These Ingress load balancers make it simple to host and expose your web services externally. They can even simplify the task of terminating SSL/TLS (more on that below). What this means is that your applications no longer need to be in the business of terminating their own external traffic. In fact, it’s probably going to cause problems if they try. With Ingress load-balancers and Services, it is probably best that you only expose the internal HTTP services of your applications, and leave the TLS termination and load balancing to the Kubernetes infrastructure.

4.

TLS Certificates

 

If you think that letting Kubernetes solve your load-balancing and service discovery is great, it gets better! The Kubernetes ecosystem can even remove the hassle of SSL certificate registration and renewal. Let’s Encrypt is leading the charge of the new paradigm of Certificate Management. This new system is based purely on automation; where scripts manage registration and renewal. The lifetime of each certificate is only 90 days. But it doesn’t matter, because your army of robots in Kubernetes is handling renewal for you.

Since you’re already having Kubernetes Ingress manage your load-balancing and SSL termination, you might as well let it manage your certificates. This can save literally hundreds of hours over the course of your application’s life. Gone are the hassles of dealing with registrars., signing requests, etc. You literally just configure cert-manager with some basic info about your organization and you’re done. Note that if you run your own internal CA, you can probably point cert-manager at that as well, or you can give cert-manager some intermediate certificates and let it be your cluster’s CA.

If you want to haul in your old certificates, you can, but keep this in mind: The dynamic nature of Kubernetes’ Ingresses allows you to create new subdomains and service names instantly. Your Ingress system combined with cert-manager can respond immediately, generating the specific certificates necessary to secure your new domains. What used to take hours or days now takes seconds. And you won’t have to worry about the expense, embarrassment or worse when an important certificate isn’t renewed on time.

5.

Metrics Collections

 

In Kubernetes, everything in your system is running in a container,and every container is easily enumerable. In addition, Kubernetes offers powerful units of deployment, including ways to run the same container on every one of your machines. This means that you can now run metrics collection on every container and every node.

The problem in Kubernetes is that it is too easy to collect and generate far more metrics than you want or need.

You can probably bring your old metrics collection system with you, but remember to follow the rule of immutable infrastructure. Those metrics collectors should run in containers, and, if they push metrics to a central location, that central location should be exposed as a Service, so that it can be free to move around for the purposes of reliability.

One very powerful new paradigm is enabled by Kubernetes Services is the ability to pull information from metrics collectors instead of push. This allows your metrics collection system to pull exactly as much information as it can handle and no more.

In a push architecture, it is very common that the metrics collectors and shippers overload the metrics collector, which results in network and OS overload. This, in turn, affects the performance and availability of the entire system. Metrics collection has to be very finely tuned, or it can harm the availability of your infrastructure.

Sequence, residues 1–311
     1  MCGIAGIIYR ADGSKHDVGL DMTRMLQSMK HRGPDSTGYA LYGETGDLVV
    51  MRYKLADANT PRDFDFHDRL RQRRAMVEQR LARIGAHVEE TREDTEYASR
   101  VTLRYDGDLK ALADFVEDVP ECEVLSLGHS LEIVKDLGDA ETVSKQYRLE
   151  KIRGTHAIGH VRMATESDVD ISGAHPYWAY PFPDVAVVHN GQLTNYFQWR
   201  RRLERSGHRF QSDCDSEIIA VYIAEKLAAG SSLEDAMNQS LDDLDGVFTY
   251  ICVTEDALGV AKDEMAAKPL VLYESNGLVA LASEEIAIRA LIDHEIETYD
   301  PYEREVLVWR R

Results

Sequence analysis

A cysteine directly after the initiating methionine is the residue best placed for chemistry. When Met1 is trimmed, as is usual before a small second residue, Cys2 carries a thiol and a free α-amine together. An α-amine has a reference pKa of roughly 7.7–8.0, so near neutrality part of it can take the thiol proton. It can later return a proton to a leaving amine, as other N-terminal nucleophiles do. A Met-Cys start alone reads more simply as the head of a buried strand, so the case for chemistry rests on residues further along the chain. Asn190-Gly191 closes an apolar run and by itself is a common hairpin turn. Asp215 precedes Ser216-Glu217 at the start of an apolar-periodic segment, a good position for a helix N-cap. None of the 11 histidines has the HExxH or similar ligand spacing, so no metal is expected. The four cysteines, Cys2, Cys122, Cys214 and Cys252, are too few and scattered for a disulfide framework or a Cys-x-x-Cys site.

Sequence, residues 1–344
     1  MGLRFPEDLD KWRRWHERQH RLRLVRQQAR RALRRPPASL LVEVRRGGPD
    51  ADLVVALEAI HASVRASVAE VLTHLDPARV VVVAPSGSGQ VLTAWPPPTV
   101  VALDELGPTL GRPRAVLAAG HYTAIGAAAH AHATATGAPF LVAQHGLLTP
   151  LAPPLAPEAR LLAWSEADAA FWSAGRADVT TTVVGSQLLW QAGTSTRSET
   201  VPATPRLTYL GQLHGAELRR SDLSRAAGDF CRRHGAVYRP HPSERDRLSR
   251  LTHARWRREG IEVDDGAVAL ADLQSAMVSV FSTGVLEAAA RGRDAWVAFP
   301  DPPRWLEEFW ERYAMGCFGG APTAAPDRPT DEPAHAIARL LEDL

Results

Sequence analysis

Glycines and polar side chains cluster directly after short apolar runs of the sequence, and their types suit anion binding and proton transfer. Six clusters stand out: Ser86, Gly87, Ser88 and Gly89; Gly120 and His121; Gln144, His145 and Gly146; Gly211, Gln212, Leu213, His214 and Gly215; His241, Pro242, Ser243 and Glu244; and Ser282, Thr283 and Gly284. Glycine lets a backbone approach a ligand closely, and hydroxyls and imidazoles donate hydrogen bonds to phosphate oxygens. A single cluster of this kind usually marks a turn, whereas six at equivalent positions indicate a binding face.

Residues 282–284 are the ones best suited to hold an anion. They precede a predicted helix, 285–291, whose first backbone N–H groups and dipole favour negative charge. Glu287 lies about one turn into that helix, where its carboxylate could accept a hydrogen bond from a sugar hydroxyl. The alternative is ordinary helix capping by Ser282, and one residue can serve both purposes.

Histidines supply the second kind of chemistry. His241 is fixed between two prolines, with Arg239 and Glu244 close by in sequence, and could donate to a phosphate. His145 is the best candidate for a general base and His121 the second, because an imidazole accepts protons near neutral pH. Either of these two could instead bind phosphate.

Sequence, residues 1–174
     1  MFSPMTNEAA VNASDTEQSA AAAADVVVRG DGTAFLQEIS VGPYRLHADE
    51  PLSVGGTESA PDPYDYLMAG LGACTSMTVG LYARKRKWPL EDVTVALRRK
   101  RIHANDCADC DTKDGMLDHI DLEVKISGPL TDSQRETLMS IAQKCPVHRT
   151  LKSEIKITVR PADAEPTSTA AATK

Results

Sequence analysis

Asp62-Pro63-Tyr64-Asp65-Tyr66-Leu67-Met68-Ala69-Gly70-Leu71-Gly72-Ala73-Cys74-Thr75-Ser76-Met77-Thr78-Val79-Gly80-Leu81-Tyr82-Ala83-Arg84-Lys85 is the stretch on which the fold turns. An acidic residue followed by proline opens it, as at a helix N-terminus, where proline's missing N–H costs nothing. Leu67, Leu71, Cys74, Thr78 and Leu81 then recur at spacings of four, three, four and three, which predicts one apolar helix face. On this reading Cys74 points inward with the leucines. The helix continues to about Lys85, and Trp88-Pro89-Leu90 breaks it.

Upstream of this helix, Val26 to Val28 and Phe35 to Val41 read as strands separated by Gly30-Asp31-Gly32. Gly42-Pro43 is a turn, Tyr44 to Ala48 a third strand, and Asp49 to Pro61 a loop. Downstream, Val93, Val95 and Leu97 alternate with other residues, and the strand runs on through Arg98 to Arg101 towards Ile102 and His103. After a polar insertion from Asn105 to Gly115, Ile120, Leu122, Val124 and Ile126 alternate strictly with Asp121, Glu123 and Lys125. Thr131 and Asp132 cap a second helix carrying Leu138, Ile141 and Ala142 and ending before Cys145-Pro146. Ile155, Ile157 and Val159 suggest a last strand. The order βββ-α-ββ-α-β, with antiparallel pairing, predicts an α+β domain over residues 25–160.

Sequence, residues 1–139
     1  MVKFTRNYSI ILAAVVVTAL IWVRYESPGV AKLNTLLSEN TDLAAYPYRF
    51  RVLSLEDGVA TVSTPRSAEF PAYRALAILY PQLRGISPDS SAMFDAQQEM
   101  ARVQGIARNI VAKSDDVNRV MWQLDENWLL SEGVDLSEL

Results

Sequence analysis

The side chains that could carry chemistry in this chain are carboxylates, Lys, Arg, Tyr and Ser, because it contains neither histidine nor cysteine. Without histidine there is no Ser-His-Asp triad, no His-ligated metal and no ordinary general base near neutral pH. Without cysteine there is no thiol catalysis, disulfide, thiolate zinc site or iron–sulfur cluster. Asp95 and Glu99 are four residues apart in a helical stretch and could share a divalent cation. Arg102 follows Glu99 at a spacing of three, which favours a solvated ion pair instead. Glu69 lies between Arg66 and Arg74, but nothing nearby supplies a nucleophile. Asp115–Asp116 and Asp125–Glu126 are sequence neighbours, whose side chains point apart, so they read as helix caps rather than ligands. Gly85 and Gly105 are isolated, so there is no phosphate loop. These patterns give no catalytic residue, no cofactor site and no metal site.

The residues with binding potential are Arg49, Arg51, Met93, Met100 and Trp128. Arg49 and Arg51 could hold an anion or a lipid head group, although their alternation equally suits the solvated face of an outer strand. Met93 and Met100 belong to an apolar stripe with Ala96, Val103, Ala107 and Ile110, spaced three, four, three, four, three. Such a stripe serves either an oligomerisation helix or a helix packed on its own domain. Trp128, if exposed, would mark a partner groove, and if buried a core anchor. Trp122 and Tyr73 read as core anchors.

A pull model avoids this congestion problem while allowing you to address the scalability of the collector at your own pace.

Prometheus is an example of the pull model for metrics collection and analysis. If you’re not in love with your existing metrics analysis and collection, give Prometheus a try.

6.

Dynamic DNS

 

It does not take long to realize how much power there is in being able to dynamically create new, uniquely named endpoints and expose them to your internal and external customers. This power does require some participation from your own infrastructure. Dynamic DNS updates are absolutely critical to success.

If your customers are internal and your DNS infrastructure is internal, then you will need to ensure that Kubernetes can effectively communicate changes to your nameservers.

I recommend taking a solid look at external-dns to automatically respond to changes in your Ingress and Services and make DNS updates accordingly. External-dns integrates with most of the popular external hosted DNS solutions, and it also speaks to internally hosted nameservers such as Bind.

This list is not exhaustive. Moving to Kubernetes requires rethinking development and operations practices related to things like state, security, and disaster recovery. The advantages of adopting Kubernetes far outweigh the challenges Kubernetes creates. But being aware ahead of time that Kubernetes will dramatically change everything you thought you knew about application development and operations will make the process as smooth as possible.

When it comes to software architecture, contracts are great. When coupled with proper implementations, they can remove a significant cognitive load from developers: Where do I log to? What format do I use for logging? How do I handle authentication? What happens when things break? If your enterprise architecture is even remotely mature, all of these questions are answered for your developers, so they can get straight to being productive.

The good news is that Kubernetes has its share of contracts as well. The bad news is that they probably look nothing like the monolithic systems from which you’re migrating.

Now, you’re saying: “It’s all just containers! I can run whatever I want!” Well, this is true. You *could* just pick up your entire system and drop it into a massive container and declare success. But you’d be missing 99% of what makes Kubernetes great.

Topics: Cloud, CTO, Infrastructure Automation, Kubernetes